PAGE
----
Chapters VI., VII., VIII., IX., X., and XIII., are devoted to the consideration of the physical cause of oceanic circulation. This has been found to be the most difficult and perplexing part of the whole inquiry. The difficulties mainly arise from the great diversity of opinion and confusion of ideas prevailing in regard to the mechanics of the subject. There are two theories propounded to account for oceanic circulation; the one which may be called the Wind theory, and the other the Gravitation theory; and this diversity of opinion and confusion of ideas prevail in connection with both theories. As the question of the cause of oceanic circulation has not only a direct and important bearing on the subject of the present volume, but is further one of much general interest, I have entered somewhat fully into the matter.
The Gravitation theories may be divided into two classes. The first of these attributes the Gulf-stream and other sensible currents of the ocean to difference of specific gravity, resulting from difference of temperature between the sea in equatorial and polar region. The leading advocate of this theory was the late Lieutenant Maury, who brought it so much into prominence in his interesting book on the "Physical Geography of the Sea." The other class does not admit that the sensible currents of the ocean can be produced by difference of specific gravity; but they maintain that difference of temperature between the sea in equatorial and polar regions produces a general movement of the upper portion of the sea from the equator to the poles, and a counter-movement of the under portion from the poles to the equator. This form of the gravitation theory has been ably and zealously advocated by Dr. Carpenter, who may be regarded as its representative. The Wind theories also divide into two classes. According to the one ocean currents are caused and maintained by the impulse of the trade-winds, while according to the other they are due not to the impulse of the trade-winds alone, but to that of the prevailing winds of the globe, regarded as a general system. The former of these is the one generally accepted; the latter is that advocated in the present volume.
The relations which these theories bear to the question of secular change of climate, will be found stated at length in Chapter VI. It will, however, be better to state here in a few words what those relations are. When the eccentricity of the earth's orbit attains a high value, the hemisphere, whose winter solstice occurs in aphelion has, for reasons which are explained in Chapter IV., its temperature lowered, while that of the opposite hemisphere is raised. Let us suppose the northern hemisphere to be the cold one, and the southern the warm one. The difference of temperature between the equator and the North Pole will then be greater than between the equator and the South Pole; according, therefore, to theory, the trades of the northern hemisphere will be stronger than those of the southern, and will consequently blow across the equator to some distance on the southern hemisphere. This state of things will tend to deflect equatorial currents southwards, impelling the warm water of the equatorial regions more into the southern or warm hemisphere than into the northern or cold hemisphere. The tendency of all this will be to exaggerate the difference of temperature already existing between the two hemispheres. If, on the other hand, the great ocean currents which convey the warm equatorial waters to temperate and polar regions be not produced by the impulse of the winds, but by difference of temperature, as Maury maintains, then in the case above supposed the equatorial waters would be deflected more into the northern or cold hemisphere than into the southern or warm hemisphere, because the difference of temperature between the equator and the poles would be greater on the cold than on the warm hemisphere. This, of course, would tend to neutralize or counteract that difference of temperature between the two hemispheres which had been previously produced by eccentricity. In short, this theory of circulation would effectually prevent eccentricity from seriously affecting climate.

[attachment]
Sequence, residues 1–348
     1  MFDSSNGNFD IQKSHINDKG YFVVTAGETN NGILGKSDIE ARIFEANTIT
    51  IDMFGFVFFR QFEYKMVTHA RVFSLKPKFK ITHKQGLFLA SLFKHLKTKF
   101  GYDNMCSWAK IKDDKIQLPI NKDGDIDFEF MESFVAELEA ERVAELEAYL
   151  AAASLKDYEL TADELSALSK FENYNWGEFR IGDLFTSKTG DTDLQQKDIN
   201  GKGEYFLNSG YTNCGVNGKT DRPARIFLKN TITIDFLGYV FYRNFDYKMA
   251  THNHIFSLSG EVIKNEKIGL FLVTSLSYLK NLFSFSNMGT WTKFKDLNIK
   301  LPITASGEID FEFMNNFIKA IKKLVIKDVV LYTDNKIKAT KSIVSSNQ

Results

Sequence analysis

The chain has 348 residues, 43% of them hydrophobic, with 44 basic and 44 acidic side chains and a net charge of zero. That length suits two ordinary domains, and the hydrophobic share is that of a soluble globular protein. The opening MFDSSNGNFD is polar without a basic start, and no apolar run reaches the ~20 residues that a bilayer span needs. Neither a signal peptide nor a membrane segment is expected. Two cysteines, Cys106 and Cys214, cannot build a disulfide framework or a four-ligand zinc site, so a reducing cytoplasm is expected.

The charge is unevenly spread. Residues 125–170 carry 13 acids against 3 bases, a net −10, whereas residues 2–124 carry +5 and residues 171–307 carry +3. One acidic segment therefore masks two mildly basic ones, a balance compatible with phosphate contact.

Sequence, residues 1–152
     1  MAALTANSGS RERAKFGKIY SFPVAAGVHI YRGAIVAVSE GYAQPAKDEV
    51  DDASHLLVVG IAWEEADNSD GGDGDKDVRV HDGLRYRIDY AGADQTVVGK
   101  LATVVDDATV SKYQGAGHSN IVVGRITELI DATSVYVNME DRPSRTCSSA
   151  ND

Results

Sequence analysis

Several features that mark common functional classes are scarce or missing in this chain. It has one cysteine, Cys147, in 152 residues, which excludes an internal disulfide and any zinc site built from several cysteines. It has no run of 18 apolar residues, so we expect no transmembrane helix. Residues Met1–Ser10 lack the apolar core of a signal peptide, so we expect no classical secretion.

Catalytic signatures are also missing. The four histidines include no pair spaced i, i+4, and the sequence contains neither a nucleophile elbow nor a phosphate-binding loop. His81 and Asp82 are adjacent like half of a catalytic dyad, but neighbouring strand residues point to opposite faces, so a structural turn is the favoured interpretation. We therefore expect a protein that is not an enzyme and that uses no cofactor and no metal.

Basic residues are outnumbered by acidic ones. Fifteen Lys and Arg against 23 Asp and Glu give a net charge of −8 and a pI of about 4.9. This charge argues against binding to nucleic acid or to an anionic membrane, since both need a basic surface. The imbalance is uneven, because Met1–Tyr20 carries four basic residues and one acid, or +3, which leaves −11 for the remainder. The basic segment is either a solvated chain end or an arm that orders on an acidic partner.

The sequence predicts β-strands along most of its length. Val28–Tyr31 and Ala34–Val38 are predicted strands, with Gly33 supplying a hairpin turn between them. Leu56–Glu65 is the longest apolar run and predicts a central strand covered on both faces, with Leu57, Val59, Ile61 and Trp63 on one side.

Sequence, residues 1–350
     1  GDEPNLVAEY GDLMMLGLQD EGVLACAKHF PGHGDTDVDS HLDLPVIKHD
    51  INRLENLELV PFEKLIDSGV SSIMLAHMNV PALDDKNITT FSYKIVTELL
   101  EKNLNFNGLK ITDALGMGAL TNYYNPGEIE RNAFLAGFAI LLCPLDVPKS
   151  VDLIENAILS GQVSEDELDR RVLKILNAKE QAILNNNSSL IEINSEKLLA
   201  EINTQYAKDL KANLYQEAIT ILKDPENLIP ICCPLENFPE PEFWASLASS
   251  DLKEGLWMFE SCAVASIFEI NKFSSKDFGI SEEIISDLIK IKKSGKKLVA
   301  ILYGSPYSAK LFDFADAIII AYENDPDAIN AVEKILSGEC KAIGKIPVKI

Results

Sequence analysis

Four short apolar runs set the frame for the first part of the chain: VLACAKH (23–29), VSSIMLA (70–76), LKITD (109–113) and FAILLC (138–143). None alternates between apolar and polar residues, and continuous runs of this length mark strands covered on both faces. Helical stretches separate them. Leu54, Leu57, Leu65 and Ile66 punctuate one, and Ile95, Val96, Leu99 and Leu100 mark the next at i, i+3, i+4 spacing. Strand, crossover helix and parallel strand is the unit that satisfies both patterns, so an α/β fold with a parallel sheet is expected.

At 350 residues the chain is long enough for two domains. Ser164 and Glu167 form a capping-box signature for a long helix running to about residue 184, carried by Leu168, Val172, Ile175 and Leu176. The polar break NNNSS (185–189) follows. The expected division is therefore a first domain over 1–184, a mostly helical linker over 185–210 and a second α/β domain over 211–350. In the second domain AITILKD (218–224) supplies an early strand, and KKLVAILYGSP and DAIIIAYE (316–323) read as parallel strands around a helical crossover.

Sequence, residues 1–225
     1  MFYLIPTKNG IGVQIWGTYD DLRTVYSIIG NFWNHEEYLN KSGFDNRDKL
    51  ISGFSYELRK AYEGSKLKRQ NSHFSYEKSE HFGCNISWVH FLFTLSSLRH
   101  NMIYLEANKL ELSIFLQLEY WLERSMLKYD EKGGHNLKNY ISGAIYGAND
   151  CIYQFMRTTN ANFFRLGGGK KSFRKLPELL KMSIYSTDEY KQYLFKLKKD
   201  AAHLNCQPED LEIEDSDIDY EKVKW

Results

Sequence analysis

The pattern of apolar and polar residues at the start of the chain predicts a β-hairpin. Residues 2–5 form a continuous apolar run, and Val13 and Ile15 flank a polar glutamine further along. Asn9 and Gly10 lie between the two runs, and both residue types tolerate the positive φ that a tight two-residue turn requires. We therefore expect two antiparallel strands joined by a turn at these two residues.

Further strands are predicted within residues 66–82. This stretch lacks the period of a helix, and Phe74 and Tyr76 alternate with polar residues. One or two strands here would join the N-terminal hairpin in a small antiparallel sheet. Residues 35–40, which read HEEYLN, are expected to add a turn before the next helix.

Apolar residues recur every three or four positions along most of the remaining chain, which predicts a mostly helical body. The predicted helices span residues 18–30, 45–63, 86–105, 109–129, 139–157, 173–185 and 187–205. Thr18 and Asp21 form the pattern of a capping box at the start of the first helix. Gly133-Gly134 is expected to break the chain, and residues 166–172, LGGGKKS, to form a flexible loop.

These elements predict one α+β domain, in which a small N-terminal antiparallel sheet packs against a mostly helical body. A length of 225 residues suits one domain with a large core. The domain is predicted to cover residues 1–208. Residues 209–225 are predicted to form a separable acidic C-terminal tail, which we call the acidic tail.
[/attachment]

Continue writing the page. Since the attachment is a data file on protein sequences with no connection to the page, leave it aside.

Chapters VI. and VII. have been devoted to an examination of this form of the gravitation theory.
The above remarks apply equally to Dr. Carpenter's form of the theory; for according to a doctrine of General Oceanic Circulation resulting from difference of specific gravity between the water at the equator and at the poles the equatorial water will be carried mo1e to the cold than to the warm hemisphere. It is perfectly true that a belief in a general oceanic circulation may be held quite consistently with the theory of secular changes of climate, provided it be admitted that not this general circulation but ocean currents are the great agency employed in distributing heat over the globe. The advocates of the theory, however, admit no such thing, but regard ocean currents as of secondary importance. It may be stated that the existence of this general ocean circulation has never been detected by actual observation. It is simply assumed in order to account for certain facts, and it is asserted that such a circulation must take place as a physical necessity. I freely admit that were it not that the warm water of equatorial regions is being constantly carried off by means of ocean currents such as the Gulfstream, it would accumulate till, in order to restoration of equilibrium, such a general movement as is supposed would be generated. But it will be shown that the warm water in equatorial regions is being drained off so rapidly by ocean currents that the actual density of an equatorial column differs so little from that of a polar column that the force of gravity resulting from that difference is so infinitesimal that it is doubtful whether it is sufficient to produce sensible motion. I have also shown in Chapter VII. that all the facts which this theory is designed to explain are not only explained by the wind theory, but are deducible from it as necessary consequences. In Chapter XI. it is proved, by contrasting the quantity of heat conveyed by ocean currents from inter-tropical to temperate and polar regions with such an amount as could possibly be conveyed by means of a general oceanic circulation, that the latter sinks into insignificance before the former. In Chapters X. and XII. the various objections which have been advanced by Dr. Carpenter and Mr. Findlay are discussed at considerable length, and in Chapter IX. I have entered somewhat minutely into an examination of the mechanics of the gravitation theory. A statement of the wind theory is given in Chapter XIII.; and in Chapter XIV. is shown the relation of this theory to the theory of Secular changes of climate. This terminates the part of the inquiry relating to oceanic circulation.